Captain America
Captain America, one of the first super-soldiers.

This article was part of an abortive attempt to develop my own superhero setting. I was heavily influenced by Robert Dorf’s “Wold Newton” take on world building, as well as Darren Watt’s methods for creating his All-Star adventures. I also wanted to emulate the significance of super-solider serums (and genetic engineering) seen in Ultimate Spider-Man, in which the origins of numerous classic Spider-Man villains are all interwoven with Peter Parker’s initial exposure to the spider that grants him his powers. Unfortunately, I never went any further than what I have here, stopping the time line in the 1950s. Those with a more extensive knowledge of 1960s-80s DC and Marvel comics might want to pick up where I left off and bring things up to the present, interweaving more examples into the text.

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The roots of the modern Super-Soldier Serum can be traced back to Doctor Victor von Frankenstein, and his “monster,” which he created in the very late 1700s. Although modern folklore has his creation stitched together from dead bodies and brought to life via an electrical charge, careful reading of his notes and letters points to a more alchemical process. This seems to indicate that Frankenstein’s monster is some sort of homunculus, albeit one developed through science, not sorcery.

Although Frankenstein died at the hands of his creation, his notes and methods were eagerly examined by learned men all over Europe. One such was Doctor Henry Jekyll, who developed a serum of sorts, apparently based on the chemical processes used to create Frankenstein’s man. Tested it upon himself, in the hopes of gaining some measure of increased physical strength and endurance, Jekyll instead became the monstrous Mister Hyde. Jekyll ended up simultaneously addicted to, and repelled by, his times as Hyde, and eventually killed himself in an effort to escape his addiction.

As with Frankenstein, Jekyll’s notes ended up in the hands of various other scientists, many of whom were more than eager to continue to the late Doctor’s experiments. One such was the infamous Doctor Moreau, who used a form of Frankenstein’s chemical bath to assist in creating his monstrous human-animal hybrids.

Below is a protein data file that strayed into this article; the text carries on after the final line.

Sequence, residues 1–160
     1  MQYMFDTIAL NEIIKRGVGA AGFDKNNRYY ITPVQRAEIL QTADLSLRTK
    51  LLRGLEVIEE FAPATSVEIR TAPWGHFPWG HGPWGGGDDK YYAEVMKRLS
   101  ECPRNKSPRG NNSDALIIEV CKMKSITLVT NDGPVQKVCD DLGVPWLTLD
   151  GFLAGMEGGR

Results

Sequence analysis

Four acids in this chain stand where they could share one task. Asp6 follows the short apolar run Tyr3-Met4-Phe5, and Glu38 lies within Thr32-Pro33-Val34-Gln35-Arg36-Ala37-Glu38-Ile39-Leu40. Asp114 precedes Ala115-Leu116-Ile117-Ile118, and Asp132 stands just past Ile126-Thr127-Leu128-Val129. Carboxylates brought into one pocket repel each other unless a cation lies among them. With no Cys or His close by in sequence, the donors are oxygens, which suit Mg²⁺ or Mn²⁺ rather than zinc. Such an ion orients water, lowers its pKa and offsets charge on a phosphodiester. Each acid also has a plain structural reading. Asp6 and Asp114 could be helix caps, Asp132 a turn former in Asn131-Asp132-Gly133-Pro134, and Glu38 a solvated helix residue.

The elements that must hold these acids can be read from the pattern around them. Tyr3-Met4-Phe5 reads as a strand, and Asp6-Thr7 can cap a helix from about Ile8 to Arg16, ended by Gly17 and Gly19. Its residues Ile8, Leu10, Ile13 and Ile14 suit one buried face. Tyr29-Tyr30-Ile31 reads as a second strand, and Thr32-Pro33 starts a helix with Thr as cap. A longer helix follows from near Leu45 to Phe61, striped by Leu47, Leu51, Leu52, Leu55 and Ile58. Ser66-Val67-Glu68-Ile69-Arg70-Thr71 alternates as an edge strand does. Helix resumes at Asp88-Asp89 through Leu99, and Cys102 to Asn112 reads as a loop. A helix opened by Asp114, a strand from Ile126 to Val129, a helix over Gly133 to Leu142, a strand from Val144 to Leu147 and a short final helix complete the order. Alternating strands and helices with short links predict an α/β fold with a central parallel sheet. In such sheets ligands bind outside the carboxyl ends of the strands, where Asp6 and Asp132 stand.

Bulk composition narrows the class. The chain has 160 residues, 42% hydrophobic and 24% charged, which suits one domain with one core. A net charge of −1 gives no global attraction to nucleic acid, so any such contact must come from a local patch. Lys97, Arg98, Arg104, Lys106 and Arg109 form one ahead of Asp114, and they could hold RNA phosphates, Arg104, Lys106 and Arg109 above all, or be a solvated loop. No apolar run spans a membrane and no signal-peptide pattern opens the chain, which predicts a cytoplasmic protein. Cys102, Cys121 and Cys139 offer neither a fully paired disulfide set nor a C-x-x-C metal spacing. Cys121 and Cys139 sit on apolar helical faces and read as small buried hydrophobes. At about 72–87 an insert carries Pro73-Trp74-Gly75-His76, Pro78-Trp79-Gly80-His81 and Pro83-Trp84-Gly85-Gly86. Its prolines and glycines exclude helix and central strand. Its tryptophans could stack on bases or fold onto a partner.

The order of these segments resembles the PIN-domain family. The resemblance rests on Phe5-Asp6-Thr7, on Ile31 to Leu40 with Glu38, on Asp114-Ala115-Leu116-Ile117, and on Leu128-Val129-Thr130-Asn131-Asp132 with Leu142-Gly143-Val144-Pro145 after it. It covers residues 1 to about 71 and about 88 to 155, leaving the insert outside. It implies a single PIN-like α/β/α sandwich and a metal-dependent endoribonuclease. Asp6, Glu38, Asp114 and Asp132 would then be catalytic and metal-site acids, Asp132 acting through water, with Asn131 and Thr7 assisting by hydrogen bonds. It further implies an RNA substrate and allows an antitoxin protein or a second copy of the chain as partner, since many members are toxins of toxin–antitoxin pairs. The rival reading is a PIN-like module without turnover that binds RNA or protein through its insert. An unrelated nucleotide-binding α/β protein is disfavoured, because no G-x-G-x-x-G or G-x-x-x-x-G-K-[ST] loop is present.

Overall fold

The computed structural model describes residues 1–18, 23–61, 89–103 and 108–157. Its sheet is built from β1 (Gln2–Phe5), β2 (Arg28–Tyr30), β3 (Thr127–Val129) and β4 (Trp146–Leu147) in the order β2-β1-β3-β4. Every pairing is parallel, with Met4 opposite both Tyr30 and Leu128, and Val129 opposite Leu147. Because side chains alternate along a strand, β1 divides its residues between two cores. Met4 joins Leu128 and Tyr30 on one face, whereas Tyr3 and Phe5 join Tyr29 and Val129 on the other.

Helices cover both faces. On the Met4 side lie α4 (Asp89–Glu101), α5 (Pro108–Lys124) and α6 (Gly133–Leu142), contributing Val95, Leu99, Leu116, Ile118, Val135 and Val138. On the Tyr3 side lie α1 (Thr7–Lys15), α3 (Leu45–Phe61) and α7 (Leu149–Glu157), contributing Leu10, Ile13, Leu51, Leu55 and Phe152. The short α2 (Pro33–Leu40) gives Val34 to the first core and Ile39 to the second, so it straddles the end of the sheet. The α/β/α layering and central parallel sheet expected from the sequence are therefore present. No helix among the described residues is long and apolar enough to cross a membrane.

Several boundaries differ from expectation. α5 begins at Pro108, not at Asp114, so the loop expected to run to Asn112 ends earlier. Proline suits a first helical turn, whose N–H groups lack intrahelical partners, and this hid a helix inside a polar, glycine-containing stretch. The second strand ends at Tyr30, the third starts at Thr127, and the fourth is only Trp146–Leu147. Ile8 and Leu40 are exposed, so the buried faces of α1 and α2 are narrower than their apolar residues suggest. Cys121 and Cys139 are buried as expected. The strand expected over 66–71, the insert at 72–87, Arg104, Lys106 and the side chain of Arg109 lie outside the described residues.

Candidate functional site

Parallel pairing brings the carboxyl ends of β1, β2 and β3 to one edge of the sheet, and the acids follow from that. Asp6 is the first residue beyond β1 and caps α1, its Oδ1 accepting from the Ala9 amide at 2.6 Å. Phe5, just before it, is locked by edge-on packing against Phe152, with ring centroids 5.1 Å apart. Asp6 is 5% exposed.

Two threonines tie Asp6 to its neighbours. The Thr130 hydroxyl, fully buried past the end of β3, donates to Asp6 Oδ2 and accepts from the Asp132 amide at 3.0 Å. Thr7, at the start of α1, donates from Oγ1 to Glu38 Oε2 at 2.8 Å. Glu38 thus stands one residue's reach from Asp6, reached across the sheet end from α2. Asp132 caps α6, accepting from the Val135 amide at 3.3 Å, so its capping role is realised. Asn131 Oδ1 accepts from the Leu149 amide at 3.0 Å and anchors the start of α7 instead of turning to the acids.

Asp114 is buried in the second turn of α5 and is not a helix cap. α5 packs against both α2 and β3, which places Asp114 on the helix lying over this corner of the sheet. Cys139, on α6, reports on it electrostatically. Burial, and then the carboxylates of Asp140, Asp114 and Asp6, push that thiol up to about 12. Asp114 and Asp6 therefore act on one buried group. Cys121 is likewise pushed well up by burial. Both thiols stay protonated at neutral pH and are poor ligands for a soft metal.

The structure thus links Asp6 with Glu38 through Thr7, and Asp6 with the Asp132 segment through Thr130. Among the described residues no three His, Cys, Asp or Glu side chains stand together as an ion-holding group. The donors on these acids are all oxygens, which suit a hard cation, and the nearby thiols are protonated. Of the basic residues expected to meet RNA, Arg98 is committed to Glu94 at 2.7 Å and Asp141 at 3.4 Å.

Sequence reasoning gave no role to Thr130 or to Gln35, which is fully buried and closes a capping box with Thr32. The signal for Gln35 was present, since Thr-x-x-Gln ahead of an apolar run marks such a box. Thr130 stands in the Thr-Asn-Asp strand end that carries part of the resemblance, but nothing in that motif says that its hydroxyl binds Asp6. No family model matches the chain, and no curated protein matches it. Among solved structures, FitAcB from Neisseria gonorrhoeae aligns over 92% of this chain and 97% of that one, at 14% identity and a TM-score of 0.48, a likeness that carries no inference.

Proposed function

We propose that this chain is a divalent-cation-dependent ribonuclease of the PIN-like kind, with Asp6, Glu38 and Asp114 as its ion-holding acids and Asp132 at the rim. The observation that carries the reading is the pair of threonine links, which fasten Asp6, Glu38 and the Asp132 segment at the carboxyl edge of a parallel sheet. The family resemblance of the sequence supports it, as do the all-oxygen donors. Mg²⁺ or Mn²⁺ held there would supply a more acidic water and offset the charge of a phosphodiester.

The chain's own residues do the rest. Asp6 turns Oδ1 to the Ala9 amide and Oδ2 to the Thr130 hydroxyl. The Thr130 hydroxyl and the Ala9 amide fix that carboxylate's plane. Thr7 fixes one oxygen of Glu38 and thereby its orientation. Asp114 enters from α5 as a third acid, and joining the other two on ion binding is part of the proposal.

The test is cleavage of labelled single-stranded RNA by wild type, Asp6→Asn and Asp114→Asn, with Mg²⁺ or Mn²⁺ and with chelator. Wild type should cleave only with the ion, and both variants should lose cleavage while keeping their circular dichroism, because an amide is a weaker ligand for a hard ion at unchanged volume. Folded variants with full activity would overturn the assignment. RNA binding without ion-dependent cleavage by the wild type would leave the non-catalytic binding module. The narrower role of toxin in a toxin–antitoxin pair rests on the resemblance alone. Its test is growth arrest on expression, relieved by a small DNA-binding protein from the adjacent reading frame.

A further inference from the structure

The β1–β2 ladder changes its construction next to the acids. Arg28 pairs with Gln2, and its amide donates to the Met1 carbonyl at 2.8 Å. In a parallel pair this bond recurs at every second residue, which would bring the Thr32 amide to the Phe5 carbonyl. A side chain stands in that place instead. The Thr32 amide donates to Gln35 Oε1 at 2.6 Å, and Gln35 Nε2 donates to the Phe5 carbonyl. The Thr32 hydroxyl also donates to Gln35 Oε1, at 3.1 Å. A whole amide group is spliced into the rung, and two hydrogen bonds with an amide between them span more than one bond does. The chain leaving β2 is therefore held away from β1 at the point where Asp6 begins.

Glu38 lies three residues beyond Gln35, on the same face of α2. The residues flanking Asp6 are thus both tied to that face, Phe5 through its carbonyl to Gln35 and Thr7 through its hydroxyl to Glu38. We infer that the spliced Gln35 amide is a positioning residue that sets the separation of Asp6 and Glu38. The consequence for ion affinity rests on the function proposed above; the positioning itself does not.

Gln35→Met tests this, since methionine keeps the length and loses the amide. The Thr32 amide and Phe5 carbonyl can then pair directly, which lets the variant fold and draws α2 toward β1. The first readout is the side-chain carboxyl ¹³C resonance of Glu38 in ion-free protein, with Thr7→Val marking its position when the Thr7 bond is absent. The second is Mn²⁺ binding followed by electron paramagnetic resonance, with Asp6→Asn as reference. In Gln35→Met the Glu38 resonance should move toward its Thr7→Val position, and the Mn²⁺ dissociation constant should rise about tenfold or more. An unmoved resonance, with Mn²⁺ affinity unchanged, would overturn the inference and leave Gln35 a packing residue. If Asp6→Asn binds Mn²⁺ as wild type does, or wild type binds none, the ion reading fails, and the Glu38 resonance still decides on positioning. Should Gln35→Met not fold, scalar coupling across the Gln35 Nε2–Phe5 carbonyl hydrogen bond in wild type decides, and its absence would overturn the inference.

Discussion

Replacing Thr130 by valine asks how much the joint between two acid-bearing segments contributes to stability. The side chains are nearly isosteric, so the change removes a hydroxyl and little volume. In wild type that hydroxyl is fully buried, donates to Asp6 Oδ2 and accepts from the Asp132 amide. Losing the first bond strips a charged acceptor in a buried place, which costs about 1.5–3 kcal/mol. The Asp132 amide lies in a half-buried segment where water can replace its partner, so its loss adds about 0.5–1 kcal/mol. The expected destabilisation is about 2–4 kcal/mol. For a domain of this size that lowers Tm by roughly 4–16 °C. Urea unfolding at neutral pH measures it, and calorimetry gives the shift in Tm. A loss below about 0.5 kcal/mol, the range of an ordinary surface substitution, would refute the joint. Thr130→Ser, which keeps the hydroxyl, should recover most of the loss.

Another were the doctors Bensington and Redwood, who used Jekyll’s formulas to create the compound Herakleophorbia IV. This food additive was a great success, causing increased muscle mass and size in test subjects. However, while it initially seemed to work perfectly, continued use showed serious physical problems with the people and animals who were fed it, with heart failure a common cause of early death. This didn’t deter further research, with both Professor Abednego Danner and Doctor Clark Savage Sr. feeding a form of Herakleophorbia IV to their children in the hopes of bring a new race of superior “super-men” into the modern world.

Doctor Emil Erskine expanded on the concepts behind Herakleophorbia IV to develop a “super-soldier” serum just in time for the start of the Second World War. Several people were tested with the drug, with Steve Rogers receiving the final, “production” version. Rogers’ test was a complete success, transforming him over a period of 6 months into the physical powerhouse Captain America. Unfortunately, Erskine was killed by Nazi spies soon after the initial injection process, and most of his research notes were either destroyed or stolen.

It’s thought that Doctor Eskine’s notes, coupled with data from the experiments of Danner, Bensington, and Redwood—among others—provided the bulk of research data for the German Übermensch program. It had a few successes, more so than the American program, mainly due to a willingness to use humans as test subjects long before the various serums were ready or complete.

After the war, the criminal master mind and costumed “super-villain” Doctor Thanatos dropped the so-called “meta-gene” bomb on New York city. It is thought the bomb was a German “super-weapon” of last resort, intended to be used on the German Army, in an effort to instantly create an army of super-humans capable of stopping the Allied and Russian advances. Conversely, it might have been intended to be dropped on enemy forces, with the idea of creating hordes of unstable metahumans who would either die outright from assuming a nonviable form or destroy each other in their madness. At any rate, the bulk of superhumans in and around New York can trace their origins and ancestry to the dropping of this bomb.

The postwar saw both the United States and Soviet Union continue to experiment with various super-soldier projects. Stalin even went so far to resurrect Dr. Moreau’s methods, seeking to combine humans and great apes to create unstoppable super-soldiers. The Americans tried a derivative of Herakleophorbia IV, with Doctor Bruce Banner creating Herakleophorbia VI, in the process becoming a modern Doctor Jekyll and Mister Hyde with his transformation into the being known simply as the Hulk.